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Independant media threatend by US/UK forces (english)
by By ANDREW BUNCOMBE and ERIC SILVER
31 Mar 2003
From the New Zealand Herald
British journalists covering the war in Iraq have said their lives are being put at risk because of a decision by the British Ministry of Defence to hinder rather than help correspondents who are not attached to its units.
Free-roaming journalists say their lives at risk
By ANDREW BUNCOMBE and ERIC SILVER
LONDON - British journalists covering the war in Iraq have said their lives are being put at risk because of a decision by the British Ministry of Defence to hinder rather than help correspondents who are not attached to its units.
In some cases, reporters who have made their own way into the country are being forced to sleep in their vehicles in still unsafe streets rather than allowed to park in some of the army bases, air strips and ports that the invading forces have seized.
"My job is to make your lives as difficult as possible.
You will get not help whatsoever," a senior army spokesman allegedly told one group of journalists.
Another senior officer involved in organising facilities for the press said he wanted the Kuwaiti authorities to arrest reporters seeking to enter Iraq and have them deported.
Two Israeli and two Portuguese journalists were detained by US and British soldiers 100 miles south of Baghdad at gunpoint, deprived of food for 48 hours, then expelled from Iraq at the weekend.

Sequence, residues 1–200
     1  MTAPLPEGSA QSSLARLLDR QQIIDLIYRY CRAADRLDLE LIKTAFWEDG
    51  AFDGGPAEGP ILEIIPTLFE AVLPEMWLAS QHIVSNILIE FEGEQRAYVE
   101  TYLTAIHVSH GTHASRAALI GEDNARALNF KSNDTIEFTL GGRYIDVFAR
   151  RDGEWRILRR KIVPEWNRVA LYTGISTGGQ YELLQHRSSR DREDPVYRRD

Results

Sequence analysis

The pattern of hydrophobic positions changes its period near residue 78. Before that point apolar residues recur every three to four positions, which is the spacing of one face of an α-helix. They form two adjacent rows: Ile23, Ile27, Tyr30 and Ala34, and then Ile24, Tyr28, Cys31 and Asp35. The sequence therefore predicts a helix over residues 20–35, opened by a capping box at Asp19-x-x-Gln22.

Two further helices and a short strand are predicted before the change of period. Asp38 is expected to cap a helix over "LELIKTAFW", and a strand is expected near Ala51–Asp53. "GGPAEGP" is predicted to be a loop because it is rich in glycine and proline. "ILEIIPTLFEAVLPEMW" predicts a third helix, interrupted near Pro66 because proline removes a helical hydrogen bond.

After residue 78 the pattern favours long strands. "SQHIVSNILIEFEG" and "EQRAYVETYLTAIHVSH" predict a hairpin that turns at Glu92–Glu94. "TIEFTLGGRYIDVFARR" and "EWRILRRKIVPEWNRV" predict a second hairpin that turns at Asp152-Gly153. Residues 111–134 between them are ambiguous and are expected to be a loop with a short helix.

One of them, Dan Semama, a correspondent with Israel's Channel 1 television, said guards at the entrance to a US army camp accused the four, who were not accredited to coalition forces, of spying.
Mr Semama said that when one of the Portuguese begged to be allowed to tell his wife and children that he was still alive, "five gorillas jumped on the reporter, who is small and thin and gentle.
They knocked him to the ground, kicked him, stepped on him, tied him up and threw him into the camp.
He came back half an hour later.
He was crying like a child.
"The four had entered Iraq in a rented Jeep and followed a US convoy, reporting home by satellite telephone.
At the gate to their base, guards ordered them out of the Jeep and shouted at them to put their hands up.
When the two Israelis, who have dual nationality, showed their French passports, it only made things worse.
France is not exactly the American army's flavour of the month.
"There was one captain," Mr Semama said, "who wanted us to lie on the ground with our faces in the sand and dust.
'Stick your head in the sand and don't look," he shouted at us.
I told him I was 55 years old.
He replied, 'Do it, or I'll shoot you'.
"The British Army has long enjoyed a reputation for having an excellent relationship with the media, providing assistance and often vital information on conditions in the field.
While individual officers in combat zones in southern Iraq have continued this tradition, they admit they are under orders to deny assistance to non-pool or "unilateral" journalists.
The problem has partly been created by the so-called embedding system under which journalists have been attached to units, providing in some cases unprecedented access to frontline operations.
It seems that Washington and London are not keen for their actions to be scrutinised by journalists outside their control and whose reports are not subject to censorship by "media minders".
The behaviour of officers is, according to a number of senior correspondents, putting lives at risk.
Last night in the border town of Umm Qasr - a town rife with looting and where aid distribution has been postponed over security problems - Royal Marines refused to allow The Independent and other British newspapers entry to a largely empty hotel compound.
"Sorry, mate, if it was up to me, you could come in, but rules are rules," a major said.